Young people aged 15-24 are among the most high risk groups and make up the majority of chlamydia diagnoses. However, anyone at any age who is having unprotected sex is at risk, STIs do not discriminate! In fact, there was a significant rise in the over 65s being diagnosed with gonorrhoea, a figure of 42%! Although it’s good to know that people are still enjoying sex in old age, it’s worrying that lessons have still not been learnt by this age, and STIs are spreading amongst the young and old.
If you don’t have any signs of an STI you must be clear, right?
Wrong! Fortunately you’re not experiencing any pain or discomfort, but this doesn’t mean you’re out of the woods. The most dangerous thing about STIs is that they’re often symptomless and don’t show themselves at all. They’re a sort of silent epidemic that’s sweeping the globe right now as many people are not even aware they’re infected and are spreading them unknowingly. The answer to this? Regular STI testing. This is the only way to detect all STIs and you should get tested each time you have unprotected sex.
If you are showing symptoms this should prompt you to visit your GP or sexual health clinic to get a proper diagnosis. Symptoms can vary between different types of STIs, however, generally if you’re experiencing any of the following symptoms you may have an STI.
- Unusual discharge from the vagina, penis, or anus
- Pain when peeing
- Unusual vaginal bleeding
- A rash
- Itchy genitals or anus
- Lumps or skin growths around the genitals or anus
- Blisters and sores around the genitals or anus
What should you do when you’re diagnosed with an STI?
The good thing is you’ve been tested and diagnosed, what you do from here will help stop the spread of your infection and help your infection to clear. When you’re diagnosed you’ll be prescribed the most appropriate medication for that particular STI, whether that’s antibiotics for chlamydia, or creams such as Wartec to treat genital warts. IMeds UK can provide many of the common STI treatments, so if you’re too embarrassed to get your medication face to face, you can get it online in the comfort of your own home through iMeds UK.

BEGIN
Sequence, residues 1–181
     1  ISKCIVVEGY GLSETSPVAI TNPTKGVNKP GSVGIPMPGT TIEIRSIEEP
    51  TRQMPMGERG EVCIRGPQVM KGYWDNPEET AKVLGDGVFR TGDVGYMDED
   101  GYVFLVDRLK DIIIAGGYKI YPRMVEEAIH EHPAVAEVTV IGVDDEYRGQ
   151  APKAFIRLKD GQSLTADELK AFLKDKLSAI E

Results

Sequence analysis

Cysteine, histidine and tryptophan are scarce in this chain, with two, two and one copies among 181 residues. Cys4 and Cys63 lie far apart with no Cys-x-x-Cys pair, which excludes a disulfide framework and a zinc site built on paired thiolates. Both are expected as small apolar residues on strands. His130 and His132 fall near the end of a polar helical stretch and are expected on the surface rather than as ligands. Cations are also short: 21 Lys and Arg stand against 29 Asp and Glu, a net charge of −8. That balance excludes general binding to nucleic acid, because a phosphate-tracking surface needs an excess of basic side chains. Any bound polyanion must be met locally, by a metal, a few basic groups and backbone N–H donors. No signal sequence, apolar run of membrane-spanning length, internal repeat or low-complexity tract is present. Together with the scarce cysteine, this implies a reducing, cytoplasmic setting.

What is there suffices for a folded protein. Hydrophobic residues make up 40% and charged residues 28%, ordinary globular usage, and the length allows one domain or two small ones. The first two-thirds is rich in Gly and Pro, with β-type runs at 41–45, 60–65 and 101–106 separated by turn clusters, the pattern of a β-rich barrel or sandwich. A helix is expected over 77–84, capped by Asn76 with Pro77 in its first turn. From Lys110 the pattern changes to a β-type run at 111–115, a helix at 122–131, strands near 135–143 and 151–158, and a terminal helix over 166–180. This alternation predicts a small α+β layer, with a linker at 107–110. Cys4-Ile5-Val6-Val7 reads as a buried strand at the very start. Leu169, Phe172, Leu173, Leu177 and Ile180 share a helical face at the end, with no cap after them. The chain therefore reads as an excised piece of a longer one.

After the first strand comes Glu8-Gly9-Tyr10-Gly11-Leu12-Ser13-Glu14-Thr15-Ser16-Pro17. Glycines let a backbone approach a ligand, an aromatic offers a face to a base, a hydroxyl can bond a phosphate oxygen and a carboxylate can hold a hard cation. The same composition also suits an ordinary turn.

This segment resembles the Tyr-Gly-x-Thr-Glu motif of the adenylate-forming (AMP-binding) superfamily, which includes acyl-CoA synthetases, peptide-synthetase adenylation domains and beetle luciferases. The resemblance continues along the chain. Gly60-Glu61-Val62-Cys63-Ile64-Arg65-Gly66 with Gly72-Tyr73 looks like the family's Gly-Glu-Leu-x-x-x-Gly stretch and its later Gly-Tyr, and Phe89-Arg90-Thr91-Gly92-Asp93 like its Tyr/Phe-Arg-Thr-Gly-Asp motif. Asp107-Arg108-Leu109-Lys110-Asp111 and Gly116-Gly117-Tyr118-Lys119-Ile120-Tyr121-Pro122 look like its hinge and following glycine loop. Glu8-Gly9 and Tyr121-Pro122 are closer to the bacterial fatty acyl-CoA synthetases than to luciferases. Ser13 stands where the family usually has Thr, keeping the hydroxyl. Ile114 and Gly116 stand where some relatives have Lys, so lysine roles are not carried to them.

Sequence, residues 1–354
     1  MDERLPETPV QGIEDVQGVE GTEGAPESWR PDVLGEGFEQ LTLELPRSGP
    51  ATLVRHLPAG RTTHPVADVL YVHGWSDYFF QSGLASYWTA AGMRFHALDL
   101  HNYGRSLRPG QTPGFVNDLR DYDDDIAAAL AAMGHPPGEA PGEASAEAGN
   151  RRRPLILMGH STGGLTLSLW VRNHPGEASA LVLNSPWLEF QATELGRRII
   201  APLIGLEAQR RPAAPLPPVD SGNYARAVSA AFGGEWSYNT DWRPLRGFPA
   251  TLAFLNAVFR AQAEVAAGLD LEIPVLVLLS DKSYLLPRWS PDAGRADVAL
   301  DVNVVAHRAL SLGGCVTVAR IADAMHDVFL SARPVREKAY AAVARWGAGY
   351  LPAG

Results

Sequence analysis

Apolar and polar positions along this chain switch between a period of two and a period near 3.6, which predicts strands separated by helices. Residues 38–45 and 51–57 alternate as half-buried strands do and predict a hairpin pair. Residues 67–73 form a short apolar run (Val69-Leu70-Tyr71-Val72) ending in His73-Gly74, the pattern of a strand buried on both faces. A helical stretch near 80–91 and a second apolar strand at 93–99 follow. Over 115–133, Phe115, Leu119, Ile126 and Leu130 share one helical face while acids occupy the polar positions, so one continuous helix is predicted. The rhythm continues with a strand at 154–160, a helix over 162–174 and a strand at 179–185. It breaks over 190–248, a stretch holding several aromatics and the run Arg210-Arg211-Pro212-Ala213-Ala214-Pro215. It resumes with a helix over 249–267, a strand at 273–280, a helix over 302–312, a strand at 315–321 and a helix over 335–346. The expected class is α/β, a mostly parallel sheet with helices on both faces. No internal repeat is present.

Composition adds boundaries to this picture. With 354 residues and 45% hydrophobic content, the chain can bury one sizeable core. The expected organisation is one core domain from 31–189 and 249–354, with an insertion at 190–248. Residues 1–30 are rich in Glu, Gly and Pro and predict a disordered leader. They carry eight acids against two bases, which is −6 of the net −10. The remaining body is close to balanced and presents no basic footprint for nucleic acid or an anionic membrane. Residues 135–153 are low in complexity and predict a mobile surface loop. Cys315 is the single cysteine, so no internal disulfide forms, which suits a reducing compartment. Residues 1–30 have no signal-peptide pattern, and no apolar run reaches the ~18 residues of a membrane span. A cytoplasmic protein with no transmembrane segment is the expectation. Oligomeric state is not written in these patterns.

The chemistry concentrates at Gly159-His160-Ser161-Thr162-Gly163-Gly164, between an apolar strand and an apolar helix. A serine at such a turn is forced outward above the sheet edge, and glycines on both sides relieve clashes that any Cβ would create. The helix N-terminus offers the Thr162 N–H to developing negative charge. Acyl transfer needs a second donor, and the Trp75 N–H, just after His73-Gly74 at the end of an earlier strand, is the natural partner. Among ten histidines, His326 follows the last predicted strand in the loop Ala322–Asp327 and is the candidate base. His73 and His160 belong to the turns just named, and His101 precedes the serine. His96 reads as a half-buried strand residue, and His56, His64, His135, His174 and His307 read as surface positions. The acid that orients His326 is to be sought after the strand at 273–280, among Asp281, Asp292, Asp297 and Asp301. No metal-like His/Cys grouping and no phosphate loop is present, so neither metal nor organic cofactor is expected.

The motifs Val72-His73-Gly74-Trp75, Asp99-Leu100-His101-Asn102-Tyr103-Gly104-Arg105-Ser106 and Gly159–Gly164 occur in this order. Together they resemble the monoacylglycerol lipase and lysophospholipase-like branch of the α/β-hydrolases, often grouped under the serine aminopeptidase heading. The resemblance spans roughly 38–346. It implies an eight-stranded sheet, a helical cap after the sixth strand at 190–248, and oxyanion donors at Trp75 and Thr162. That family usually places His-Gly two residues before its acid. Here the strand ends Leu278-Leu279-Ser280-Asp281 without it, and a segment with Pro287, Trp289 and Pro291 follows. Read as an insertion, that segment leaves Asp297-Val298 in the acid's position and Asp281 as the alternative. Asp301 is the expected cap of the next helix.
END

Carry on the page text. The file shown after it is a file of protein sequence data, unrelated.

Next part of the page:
When you have a diagnosis it’s important to inform any sexual partners so that they can get tested and treated if necessary. This also helps minimise the spread to other people and plays a part in reducing these rising figures. You should also avoid having sex until your infection has fully cleared, this will help your infection clear quicker and prevent any further infections. It also stops you from passing your STI onto someone else.
How to prevent contracting an STI
Fortunately, we have fantastic medicine available to cure sexually transmitted infections, but prevention is always better than cure particularly as resistance to antibiotics is becoming a public health crisis.
The most effective way of preventing catching an STI is by using a barrier method of protection during sex such as condoms. Condoms are 98% effective at protecting against STIs. Other things that are just as important include getting relevant vaccinations for certain types of STI such as hepatitis B, reducing your number of sexual partners, getting tested regularly, and avoid having sex under the influence of drink and drugs as this may make you less conscious of having protected sex.
Remember this isn’t to scare you off having sex, it’s about making sex safer and stopping the spread of STIs.